Figure 5 demonstrates the use of an ultraviolet tag in an area with large amounts of background visible and infrared sources. One challenge with using a SWIR or MWIR light emitting device (LED) as a tag or communication device is that there is a large amount of natural background in these regions. If a UV LED is used, particularly one emitting in the solar blind region between 200 and 280 nm, there is minimal background, improving the ability to detect the LED .
In Fig. 5(a), when both the UV and SWIR light is collected, identification of the tag over the background is not possible. In Fig. 5(b), a UV-pass filter (UG11 Schott glass) blocks the majority of the infrared light, revealing the location of the tag. Combining the spectra in Fig. 5(a) and 5(b), the high contrast image showing only the tag location shown in Fig. 5(c) was calculated using basic image processing according to Eq. (2),Equation (2) removes residual Vis and SWIR signal where the intensity has dropped by more than TUV/2 when the UV pass filter is added .
The maximum frame rate of the camera will be limited by the bandwidth of the QD down-shifting layer. The bandwidth is determined by the lifetime of the QDs . For visible CdSe/CdS QDs, lifetimes on the order of 10 ns are typical, which allows for approximately 15 MHz frame rates. The lifetime of PbS QDs is on the order of 1 us, giving a maximum frame rate of approximately 150 kHz. Figure 6 shows the response of a single pixel InGaAs detector (Hamamatsu Corporation #G8941-01) coated with PbS QDs to a 285 nm LED encoding a digital signal with a bit frequency of 10 kHz.
The UV band is of interest for communication due to the low levels of background light in the solar blind region between 200 and 280 nm . A high speed SWIR camera coated with QDs has the potential to both locate UV tags within a SWIR image and receive UV communications at rates up to 150 kHz. For example, this could be used for distinguishing between multiple UV tags within a scene.
4. Outlook for MWIR Emitting QDs
Significant effort has gone into the development and characterization of QDs that emit in the visible and SWIR spectral regions due to the commercial interest in visible LEDs , luminescent down shifting for white lighting , and biological tagging in the SWIR band . Until recently, the only QD material available for MWIR emission was PbSe . However, recently several syntheses have been reported for MWIR emitting QDs, including Cd3As2 , InSb  and HgTe  QDs which greatly extend the available material set for MWIR applications. Figure 7 shows the calculated effect of a QD down-shifting layer composed of HgTe QDs  on a LWIR detector .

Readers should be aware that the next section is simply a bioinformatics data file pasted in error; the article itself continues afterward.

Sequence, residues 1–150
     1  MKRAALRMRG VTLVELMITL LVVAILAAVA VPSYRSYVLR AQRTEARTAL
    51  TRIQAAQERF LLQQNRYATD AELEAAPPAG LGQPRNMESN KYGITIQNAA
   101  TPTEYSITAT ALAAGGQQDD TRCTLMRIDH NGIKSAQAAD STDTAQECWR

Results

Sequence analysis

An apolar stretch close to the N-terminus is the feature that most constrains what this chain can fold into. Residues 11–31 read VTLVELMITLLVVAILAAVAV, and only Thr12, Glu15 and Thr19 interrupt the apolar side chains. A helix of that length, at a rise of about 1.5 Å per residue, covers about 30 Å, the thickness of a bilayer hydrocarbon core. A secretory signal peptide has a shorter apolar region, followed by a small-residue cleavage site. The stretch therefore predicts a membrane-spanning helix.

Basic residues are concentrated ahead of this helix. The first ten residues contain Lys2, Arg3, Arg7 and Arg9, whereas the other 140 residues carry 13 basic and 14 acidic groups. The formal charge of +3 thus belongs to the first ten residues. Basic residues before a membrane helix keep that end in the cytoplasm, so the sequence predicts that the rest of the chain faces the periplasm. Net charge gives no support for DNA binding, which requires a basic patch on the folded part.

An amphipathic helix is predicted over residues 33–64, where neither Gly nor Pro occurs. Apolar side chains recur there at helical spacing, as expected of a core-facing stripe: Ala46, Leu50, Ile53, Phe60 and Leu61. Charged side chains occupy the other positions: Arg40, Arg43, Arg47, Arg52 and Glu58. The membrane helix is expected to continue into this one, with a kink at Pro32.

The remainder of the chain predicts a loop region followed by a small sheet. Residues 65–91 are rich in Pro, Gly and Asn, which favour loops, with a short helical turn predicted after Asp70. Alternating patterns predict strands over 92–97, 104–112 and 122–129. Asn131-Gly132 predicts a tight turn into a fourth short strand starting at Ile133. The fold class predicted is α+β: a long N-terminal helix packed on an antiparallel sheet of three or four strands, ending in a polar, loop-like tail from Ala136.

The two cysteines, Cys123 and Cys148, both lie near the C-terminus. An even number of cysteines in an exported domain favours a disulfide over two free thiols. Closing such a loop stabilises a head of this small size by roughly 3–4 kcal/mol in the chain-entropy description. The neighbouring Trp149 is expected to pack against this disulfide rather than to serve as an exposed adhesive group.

As Fig. 7. shows, MWIR emitting QDs show promise for ultra broad band spectral imaging. The main challenge of extending this technique into the MWIR will be to ensure a high quantum yield for the QDs. Typical synthetic methods to make quantum dots involves coating the QDs with organic ligands, as depicted in Fig. 1(a). Although these ligands serve to passivate the surface and improve the QY in the visible region, in the infrared the exciton may couple to vibrational states associated with the organic molecules leading to non-radiative recombination of the exciton [11, 24]. Therefore methods to isolate the exciton from the organic ligands are required to obtain high QY in the MWIR.
One method is to grow high quality core/shell structures that effectively to isolate the exciton from the surface. This has been achieved in the visible region with the synthesis of highly epitaxial shells that suppress blinking by isolating the exciton from the QD surface [25, 26]. Alternately, typical organic ligands may be replaced with infrared transparent fluorinated ligands  or with inorganic ligands [27, 28]. Another recent development is the encapsulation of QDs within an inorganic matrix [29–32]. Although a thin coating of PMMA will absorb only weakly in the MWIR region, embedding the QDs in an inorganic matrix that is completely transparent across the MWIR may improve performance and further remove the exciton from organic material.
Even if the exciton is isolated from non-radiative decay pathways associated with surface defects and organic ligands, non-radiative interband relaxation may still limit the QY of small bandgap MWIR QDs. The interband non-radiative decay rate will increase with decreasing bandgap, and may present a fundamental limit on the QY for MWIR QDs. However, MWIR and LWIR detectors are commonly cooled to reduce noise, which will decrease both the temperature of the QD coating and the non-radiative interband relaxation rate. Further experimental and theoretical work is necessary to determine the fundamental limit of the QY for MWIR emitting QDs.
We have demonstrated the use of colloidal quantum dots to extend the spectral range of an infrared detector to the ultraviolet band. The high infrared quantum yield and tunable band gap of the QDs make them uniquely suited for use as a luminescent down-shifter. The QDs can be deposited after assembly of the imaging array using low cost techniques. As synthetic techniques improve, high QY QDs emitting in the MWIR band may provide a convenient source of infrared light for a variety of applications.
This work was supported by the U.S. Army through the Institute for Soldier Nanotechnologies (W911NF-07-D-004). J. Scherer acknowledges Government support under FA9550-11-C-0028 and awarded by the Department of Defense, Air Force Office of Scientific Research, National Defense Science and Engineering Graduate (NDSEG) Fellowship, 32 CFR 168a.